Treatment

    Doctors may recommend healthy lifestyle habits such as a regular sleep schedule, cognitive behavioral therapy for insomnia, and medicines to help manage the insomnia.

    Medicines
    Prescription medicines

    Many prescription medicines are used to treat insomnia. Some are meant for short-term use while others are meant for longer-term use. Some insomnia medicines can be habit-forming and all of these medicines may cause dizziness, drowsiness, or worsening of depression or suicidal thoughts. All of the medicines listed below may also cause insomnia.

    • Benzodiazepines, like Valium, and Benzodiazepine receptors agonists, such as zolpidem, zaleplon, and eszopiclone can be habit-forming and should be taken for only a few weeks. Benzodiazepines are GABA agonists. Remember, from chapter *, that GABA is one of the most common inhibitory neurotransmitters in the central nervous system. Hence Benzodiazepines (and Benzodiazepine receptor agonists) make it even less likely that neurons will fire. Additional side effects of Benzodiazepine receptor agonists may include anxiety. Rare side effects may include a severe allergic reaction or unintentionally doing activities while asleep such as walking, eating, or driving.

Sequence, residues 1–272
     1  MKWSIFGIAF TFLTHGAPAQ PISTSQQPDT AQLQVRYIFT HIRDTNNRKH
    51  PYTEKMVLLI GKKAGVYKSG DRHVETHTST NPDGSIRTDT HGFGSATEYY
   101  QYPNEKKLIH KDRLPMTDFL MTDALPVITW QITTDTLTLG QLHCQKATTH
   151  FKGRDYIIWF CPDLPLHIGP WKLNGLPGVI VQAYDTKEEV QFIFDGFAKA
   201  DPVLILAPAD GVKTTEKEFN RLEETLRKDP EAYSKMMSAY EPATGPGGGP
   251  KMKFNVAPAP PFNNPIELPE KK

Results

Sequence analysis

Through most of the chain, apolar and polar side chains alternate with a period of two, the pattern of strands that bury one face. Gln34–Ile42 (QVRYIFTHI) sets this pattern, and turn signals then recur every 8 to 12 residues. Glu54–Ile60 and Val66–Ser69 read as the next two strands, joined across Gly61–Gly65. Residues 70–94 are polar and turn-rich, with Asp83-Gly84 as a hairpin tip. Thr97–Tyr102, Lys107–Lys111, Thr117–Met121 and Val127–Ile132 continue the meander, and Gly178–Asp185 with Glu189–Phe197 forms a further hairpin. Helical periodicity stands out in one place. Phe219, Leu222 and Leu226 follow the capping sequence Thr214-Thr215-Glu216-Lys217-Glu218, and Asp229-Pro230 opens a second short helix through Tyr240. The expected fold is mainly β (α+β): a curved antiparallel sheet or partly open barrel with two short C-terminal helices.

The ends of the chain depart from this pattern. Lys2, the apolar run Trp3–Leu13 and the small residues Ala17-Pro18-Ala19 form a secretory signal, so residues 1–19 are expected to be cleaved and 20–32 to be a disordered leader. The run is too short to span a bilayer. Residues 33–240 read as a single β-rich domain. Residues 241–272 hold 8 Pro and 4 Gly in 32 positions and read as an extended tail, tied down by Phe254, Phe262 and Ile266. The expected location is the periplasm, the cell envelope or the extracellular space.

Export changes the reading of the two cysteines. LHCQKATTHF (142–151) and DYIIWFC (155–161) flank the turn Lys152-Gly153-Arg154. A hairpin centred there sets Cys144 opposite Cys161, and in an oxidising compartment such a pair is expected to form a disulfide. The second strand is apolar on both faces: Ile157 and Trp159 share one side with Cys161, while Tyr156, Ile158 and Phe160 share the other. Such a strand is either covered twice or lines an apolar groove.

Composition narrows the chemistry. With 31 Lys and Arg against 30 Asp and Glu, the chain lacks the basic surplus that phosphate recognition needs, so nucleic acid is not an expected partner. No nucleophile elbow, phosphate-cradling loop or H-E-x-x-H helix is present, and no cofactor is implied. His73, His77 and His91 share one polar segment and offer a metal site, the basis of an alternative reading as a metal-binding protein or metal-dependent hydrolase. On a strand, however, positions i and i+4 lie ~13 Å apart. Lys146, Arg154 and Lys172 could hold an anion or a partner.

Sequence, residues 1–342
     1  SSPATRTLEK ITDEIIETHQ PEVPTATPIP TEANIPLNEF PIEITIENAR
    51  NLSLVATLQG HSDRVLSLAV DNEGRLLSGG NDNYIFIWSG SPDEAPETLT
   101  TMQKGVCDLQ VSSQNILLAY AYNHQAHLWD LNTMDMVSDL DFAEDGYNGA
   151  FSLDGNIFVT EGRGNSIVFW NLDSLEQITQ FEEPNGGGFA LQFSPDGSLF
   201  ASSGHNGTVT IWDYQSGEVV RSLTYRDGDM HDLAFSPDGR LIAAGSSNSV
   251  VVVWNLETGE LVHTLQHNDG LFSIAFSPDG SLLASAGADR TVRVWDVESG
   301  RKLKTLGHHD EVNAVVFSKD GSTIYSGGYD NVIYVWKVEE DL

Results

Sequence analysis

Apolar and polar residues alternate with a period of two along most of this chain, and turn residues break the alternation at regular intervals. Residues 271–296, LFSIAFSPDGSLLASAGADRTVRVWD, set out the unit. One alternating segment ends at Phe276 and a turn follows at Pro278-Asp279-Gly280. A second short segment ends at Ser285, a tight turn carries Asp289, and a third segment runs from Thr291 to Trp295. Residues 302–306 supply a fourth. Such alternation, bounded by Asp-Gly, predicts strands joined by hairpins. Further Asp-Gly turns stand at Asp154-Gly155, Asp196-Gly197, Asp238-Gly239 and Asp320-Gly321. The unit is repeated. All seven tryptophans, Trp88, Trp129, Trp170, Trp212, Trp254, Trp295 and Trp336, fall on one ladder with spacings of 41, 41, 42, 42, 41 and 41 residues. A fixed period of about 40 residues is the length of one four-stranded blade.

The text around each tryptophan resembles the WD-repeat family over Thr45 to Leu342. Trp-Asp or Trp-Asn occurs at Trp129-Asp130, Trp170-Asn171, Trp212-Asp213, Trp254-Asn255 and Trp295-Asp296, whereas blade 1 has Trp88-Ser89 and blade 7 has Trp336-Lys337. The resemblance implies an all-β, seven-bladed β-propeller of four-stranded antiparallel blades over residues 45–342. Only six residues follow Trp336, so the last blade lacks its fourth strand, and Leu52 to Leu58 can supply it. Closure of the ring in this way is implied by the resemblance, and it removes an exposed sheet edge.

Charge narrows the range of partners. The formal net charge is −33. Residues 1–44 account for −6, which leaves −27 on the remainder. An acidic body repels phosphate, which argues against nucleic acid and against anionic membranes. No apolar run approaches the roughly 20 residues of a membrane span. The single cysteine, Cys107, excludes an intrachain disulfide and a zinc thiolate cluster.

• Melatonin receptor agonists, such as ramelteon. Rare side effects may include doing activities while asleep such as walking, eating or driving or a severe allergic reaction.
    • Orexin receptor antagonists, such as suvorexant. This medicine is not recommended for people who have narcolepsy. Rare side effects may include doing activities while asleep such as walking, eating, or driving or not being able to move or speak for several minutes while going to sleep or waking up.
    Off-label medicines

    In some special cases healthcare providers may prescribe medicines that are commonly used for other health conditions but are not yet approved by the FDA to treat insomnia. Some of these medicines may include antidepressants, antipsychotics, and anticonvulsants.